Most bathtubs are made of porcelain. If the fixtures are older, chances are the material is porcelain on cast iron. These fixtures may not be as acid- and alkaline-resistant as newer porcelain-on-steel tubs. |
Most bathtubs are made of porcelain. If the fixtures are older, chances are the material is porcelain on cast iron. These fixtures may not be as acid- and alkaline-resistant as newer porcelain-on-steel tubs.
Fiberglass and acrylic tubs, which are lighter and easier to install than steel tubs, are used in new construction and remodeling, but they are not as durable as porcelain-coated steel. If you have a fiberglass tub, you will have to be especially careful when you clean it to avoid scratching the surface. Here are some guidelines for cleaning your bathtub:
Porcelain tubs should be cleaned with nonabrasive powder or liquid cleanser. Sprinkle powder on a damp sponge and apply it to the porcelain surface of the tub or basin. Use a synthetic scouring pad on stubborn soil. Rinse well. When you clean the bathtub, also remove hair from the traps in the drains to prevent clogging. Fiberglass tubs should be cleaned with a commercial fiberglass-cleaning product or nonabrasive liquid cleanser. Apply either product with a damp sponge, and rinse with clear water. Commercial rust removers are very effective in removing rust stains. Wear rubber gloves when you work with these products because they contain acid. You can also clean discolored porcelain fixtures with a paste made of cream of tartar moistened with hydrogen peroxide or a paste made of borax moistened with lemon juice. Scrub the paste into lightly stained areas with a brush, and rinse well. A ring around the tub can be rubbed away without cleaners using a nylon net ball or pad. Cover a stubborn bathtub ring with a paste of cream of tartar and hydrogen peroxide. When the paste dries, wipe it off. To remove discoloration from a yellowed bathtub, rub the tub with a solution of salt and turpentine. Rinse well. Caution: Wear rubber gloves when you work with this solution.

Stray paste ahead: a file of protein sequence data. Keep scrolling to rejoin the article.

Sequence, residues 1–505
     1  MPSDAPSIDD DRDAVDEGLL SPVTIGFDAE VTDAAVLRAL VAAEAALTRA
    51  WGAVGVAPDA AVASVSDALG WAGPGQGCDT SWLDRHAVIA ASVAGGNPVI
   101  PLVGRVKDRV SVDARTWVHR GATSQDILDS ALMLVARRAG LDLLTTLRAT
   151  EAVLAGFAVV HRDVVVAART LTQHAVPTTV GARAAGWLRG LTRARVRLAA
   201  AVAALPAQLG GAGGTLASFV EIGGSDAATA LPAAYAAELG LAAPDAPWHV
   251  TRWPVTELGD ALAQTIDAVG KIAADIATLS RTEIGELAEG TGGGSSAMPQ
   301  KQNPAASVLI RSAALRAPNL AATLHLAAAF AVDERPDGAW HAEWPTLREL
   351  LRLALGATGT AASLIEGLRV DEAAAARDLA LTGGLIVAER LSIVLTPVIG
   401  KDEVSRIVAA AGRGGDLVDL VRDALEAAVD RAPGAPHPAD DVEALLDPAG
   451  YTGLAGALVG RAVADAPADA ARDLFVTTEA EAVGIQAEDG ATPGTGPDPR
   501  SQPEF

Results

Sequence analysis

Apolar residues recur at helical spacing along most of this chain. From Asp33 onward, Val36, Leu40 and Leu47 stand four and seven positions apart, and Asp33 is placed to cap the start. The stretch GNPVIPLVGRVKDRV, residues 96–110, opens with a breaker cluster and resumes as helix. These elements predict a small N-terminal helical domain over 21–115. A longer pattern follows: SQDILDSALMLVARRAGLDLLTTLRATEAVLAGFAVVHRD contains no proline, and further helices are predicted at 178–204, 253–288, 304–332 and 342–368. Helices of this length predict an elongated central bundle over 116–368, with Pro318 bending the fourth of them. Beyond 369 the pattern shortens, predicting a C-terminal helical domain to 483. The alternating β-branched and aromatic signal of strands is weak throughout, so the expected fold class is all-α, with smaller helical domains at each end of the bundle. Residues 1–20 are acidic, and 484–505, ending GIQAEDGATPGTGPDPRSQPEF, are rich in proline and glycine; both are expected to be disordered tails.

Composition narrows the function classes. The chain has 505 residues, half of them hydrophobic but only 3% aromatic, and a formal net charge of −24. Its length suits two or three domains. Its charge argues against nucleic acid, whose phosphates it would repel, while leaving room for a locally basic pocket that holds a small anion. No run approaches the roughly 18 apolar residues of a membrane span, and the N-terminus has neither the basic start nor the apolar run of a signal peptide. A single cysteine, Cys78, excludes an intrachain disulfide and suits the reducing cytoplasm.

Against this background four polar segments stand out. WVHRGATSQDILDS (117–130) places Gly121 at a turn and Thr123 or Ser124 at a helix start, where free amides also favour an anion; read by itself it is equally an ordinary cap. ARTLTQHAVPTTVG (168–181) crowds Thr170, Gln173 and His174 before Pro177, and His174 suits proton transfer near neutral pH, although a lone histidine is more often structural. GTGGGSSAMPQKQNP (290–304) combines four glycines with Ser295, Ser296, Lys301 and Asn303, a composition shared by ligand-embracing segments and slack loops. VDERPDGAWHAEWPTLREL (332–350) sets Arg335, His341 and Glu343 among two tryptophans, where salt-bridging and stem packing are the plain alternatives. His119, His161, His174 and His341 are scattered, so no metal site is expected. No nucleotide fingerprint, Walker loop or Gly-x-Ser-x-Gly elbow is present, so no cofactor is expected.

Thereafter, adding a little of the degreasing detergent to the bath water when you are done and agitating the water as it drains, helps keep the "ring around the tub" from forming. Be sure to rinse your tub with clean water to remove soap and avoid streaking. Shower Stalls
Shower stalls are easy to maintain, once you have thoroughly cleaned. All you need to do is wipe down the wet surfaces after a shower. Use a squeegee on flat surfaces and a towel on the rest.
If water is wiped from the surface, there will be no water stains, no soap scum, and no oily grime buildup. You should, however, give your shower a good cleaning and treat with a sanitizer (to avoid mildew in hidden places) at least once a month to six weeks.
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